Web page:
Publication: Business Day Issued: Date: 2010-09-09 Reporter: Linda Ensor

Arms deal investigation could take another five years



Business Day

Date 2010-09-09
Reporter Linda Ensor
Web Link

Opposition parties responded in Parliament yesterday, saying authorities are dragging their feet, shuffling papers between different agencies and stalling the investigation.

Cape Town ­ After more than 10 years, investigations into allegations of corruption in the multibillion-rand arms deal ­ including R480m allegedly involving British and German manufacturers ­ are languishing and could take at least another five to 10 years to finalise.

Opposition parties responded in Parliament yesterday, saying authorities are dragging their feet, shuffling papers between different agencies and stalling the investigation, which should be expedited.

Head of the Hawks directorate for priority crime investigation Lt-Gen Anwar Dramat said only two investigations are still active. They relate to the acquisitions by British Aerospace and the German Frigate Consortium (GFC), and involve alleged corruption of R300m and R25m *1, respectively.

South African senior officials are accused of taking bribes from German and British arms makers who secured tenders to sell SA German warships and Hawk jet trainers.

Both investigations are in the hands of the National Prosecuting Authority (NPA) and await critical information from foreign authorities. “But even with information from the authorities the question is whether it is in the best interest of the country to pursue these investigations, which will take at least five to 10 years and cost more than R10m,” Lt-Gen Dramat told members of Parliament’s standing committee on public accounts, which has tried to exercise oversight over the investigation.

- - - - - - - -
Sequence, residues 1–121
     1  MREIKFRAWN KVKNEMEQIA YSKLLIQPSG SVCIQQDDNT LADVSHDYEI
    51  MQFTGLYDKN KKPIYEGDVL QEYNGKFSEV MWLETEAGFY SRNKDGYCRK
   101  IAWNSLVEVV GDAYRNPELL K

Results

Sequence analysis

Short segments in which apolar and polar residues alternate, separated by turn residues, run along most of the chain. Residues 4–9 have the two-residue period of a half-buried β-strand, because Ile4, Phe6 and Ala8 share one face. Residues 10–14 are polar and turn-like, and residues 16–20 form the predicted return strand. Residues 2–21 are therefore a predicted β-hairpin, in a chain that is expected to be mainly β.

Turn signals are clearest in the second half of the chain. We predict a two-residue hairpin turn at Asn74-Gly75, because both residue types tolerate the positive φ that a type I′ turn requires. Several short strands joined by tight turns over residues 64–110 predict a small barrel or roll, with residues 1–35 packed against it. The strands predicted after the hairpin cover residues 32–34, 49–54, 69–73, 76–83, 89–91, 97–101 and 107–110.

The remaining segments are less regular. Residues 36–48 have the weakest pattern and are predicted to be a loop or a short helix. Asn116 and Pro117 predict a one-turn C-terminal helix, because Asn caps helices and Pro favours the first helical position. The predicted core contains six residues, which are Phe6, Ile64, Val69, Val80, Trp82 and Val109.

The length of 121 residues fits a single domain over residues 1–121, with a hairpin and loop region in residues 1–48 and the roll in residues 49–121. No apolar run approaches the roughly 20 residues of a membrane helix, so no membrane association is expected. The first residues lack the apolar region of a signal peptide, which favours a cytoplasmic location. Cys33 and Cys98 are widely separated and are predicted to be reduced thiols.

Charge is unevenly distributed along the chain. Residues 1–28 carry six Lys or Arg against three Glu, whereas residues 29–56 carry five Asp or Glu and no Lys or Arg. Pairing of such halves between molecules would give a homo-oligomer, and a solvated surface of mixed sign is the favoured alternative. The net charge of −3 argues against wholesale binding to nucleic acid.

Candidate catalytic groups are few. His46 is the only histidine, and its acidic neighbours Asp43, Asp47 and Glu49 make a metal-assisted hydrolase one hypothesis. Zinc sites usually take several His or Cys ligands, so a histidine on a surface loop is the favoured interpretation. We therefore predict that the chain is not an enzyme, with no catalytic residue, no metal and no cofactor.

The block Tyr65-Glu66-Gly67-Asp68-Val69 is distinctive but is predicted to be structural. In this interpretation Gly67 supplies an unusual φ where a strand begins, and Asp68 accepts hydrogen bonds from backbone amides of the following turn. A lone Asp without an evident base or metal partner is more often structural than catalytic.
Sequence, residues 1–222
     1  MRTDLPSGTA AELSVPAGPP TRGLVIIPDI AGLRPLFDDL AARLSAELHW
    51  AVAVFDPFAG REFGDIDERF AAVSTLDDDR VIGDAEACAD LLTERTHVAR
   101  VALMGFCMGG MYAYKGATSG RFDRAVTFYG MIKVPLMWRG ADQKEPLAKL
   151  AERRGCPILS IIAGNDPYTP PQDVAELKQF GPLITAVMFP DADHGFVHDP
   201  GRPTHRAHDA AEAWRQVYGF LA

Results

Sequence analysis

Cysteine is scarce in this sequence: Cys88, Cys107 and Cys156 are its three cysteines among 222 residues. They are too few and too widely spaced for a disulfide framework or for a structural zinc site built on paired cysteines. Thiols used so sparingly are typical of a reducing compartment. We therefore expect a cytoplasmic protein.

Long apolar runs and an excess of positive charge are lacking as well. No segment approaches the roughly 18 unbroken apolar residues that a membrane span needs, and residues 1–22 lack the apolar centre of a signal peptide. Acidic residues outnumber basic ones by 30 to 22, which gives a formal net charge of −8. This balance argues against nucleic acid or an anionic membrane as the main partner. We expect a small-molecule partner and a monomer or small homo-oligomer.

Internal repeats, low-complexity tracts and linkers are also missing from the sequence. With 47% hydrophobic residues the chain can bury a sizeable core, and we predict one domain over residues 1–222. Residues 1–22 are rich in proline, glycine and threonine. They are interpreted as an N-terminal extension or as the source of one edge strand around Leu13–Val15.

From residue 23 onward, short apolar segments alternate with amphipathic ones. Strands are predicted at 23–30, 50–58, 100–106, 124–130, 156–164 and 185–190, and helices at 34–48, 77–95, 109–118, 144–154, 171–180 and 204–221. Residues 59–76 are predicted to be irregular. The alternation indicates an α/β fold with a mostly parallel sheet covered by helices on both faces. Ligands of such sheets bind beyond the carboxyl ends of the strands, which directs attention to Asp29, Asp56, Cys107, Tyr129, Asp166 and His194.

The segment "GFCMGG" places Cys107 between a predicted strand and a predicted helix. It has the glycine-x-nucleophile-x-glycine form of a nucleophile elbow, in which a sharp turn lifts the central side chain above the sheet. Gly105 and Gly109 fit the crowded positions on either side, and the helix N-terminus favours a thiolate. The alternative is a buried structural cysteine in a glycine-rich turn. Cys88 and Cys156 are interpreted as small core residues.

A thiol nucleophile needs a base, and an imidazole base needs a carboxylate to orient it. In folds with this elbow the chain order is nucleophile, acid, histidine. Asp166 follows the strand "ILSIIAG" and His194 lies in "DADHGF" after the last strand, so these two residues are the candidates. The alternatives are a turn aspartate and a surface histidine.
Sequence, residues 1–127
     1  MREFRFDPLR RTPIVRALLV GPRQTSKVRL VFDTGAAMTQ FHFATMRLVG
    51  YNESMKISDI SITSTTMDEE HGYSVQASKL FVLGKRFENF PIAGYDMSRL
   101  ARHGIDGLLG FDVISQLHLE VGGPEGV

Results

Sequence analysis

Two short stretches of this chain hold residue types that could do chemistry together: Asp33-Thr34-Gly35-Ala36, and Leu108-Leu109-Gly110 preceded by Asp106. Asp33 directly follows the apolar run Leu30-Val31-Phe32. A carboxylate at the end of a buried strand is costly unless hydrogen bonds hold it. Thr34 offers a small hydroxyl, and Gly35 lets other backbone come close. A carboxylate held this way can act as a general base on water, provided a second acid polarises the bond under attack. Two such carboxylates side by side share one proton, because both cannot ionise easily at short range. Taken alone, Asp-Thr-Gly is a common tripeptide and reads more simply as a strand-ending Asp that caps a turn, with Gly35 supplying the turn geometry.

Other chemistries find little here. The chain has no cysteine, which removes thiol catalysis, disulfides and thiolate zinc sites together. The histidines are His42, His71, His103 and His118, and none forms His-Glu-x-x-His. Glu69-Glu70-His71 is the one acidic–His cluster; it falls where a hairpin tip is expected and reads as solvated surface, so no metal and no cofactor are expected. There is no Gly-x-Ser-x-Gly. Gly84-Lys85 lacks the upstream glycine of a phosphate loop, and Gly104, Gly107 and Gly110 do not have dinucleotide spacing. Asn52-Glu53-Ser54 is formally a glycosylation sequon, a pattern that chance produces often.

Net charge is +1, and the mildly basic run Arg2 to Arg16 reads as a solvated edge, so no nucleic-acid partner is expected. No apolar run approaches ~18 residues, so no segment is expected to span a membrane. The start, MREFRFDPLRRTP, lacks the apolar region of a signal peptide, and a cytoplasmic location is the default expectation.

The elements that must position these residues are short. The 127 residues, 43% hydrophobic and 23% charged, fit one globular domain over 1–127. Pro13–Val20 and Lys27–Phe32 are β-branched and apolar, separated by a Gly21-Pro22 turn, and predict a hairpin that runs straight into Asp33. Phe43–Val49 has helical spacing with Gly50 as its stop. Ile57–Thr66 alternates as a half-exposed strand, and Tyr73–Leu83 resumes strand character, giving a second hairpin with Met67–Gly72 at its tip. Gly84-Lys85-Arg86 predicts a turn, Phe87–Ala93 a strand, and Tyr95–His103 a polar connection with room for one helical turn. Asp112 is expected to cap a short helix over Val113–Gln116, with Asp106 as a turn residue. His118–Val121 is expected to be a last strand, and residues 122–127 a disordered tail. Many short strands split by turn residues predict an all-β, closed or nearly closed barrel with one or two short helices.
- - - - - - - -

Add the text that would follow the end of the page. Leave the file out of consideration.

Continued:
With regard to the GFC investigation, a request was lodged with the North Gauteng director of public prosecutions in June for a prosecutor to be appointed to deal with the request for information from the German authorities.

If they co-operate, the investigation could take up to three years before the NPA will be able to decide on possible prosecution.

British Aerospace entered into a plea bargain with the UK’s Serious Fraud Office earlier this year and the investigation was then closed without any consultation with the NPA.

“It is my impression … that what we’ve heard today is that there is an investigation where there are 460 boxes of documents, 4,7-million computer-generated documents and one investigator apparently assigned to that investigation,” David Maynier from the Democratic Alliance said.

Lt Gen Dramat said: “It should be borne in mind that although this matter originated in the year 2000, new information was only received during late 2007 after a full investigation was declared in February 2008.”

NPA chief Menzi Simelane denied that foot-dragging was taking place or that there has been any political interference in the investigations. With Sapa

With acknowledgements to Linda Ensor and Business Day.

*1       USD25 million.

But this was probably only one tranche.

Thomson-CSF almost surely paid its portion of the bribe to win the frigate contract, in this case the combat suite specifically.

All the arithmetic, spreadsheets, encrypted faxes and diaries entries by the French executives including Pierre Moynot and Alain Thetard indicate that Thomson-CSF paid between R250 and R300 million (1999 Rands) to win the combat suite contract.

The Germans even had another bribe amount built in to one of its occult contracts whereby an extra amount would be due if the DoD exercised the option of a fifth corvette.

So much so that the DoD and the GFC tried to do a deal to purchase a helicopter landing ship under the cover of the optional 5th corvette.

But by then all beady eyes, including my own, were watching.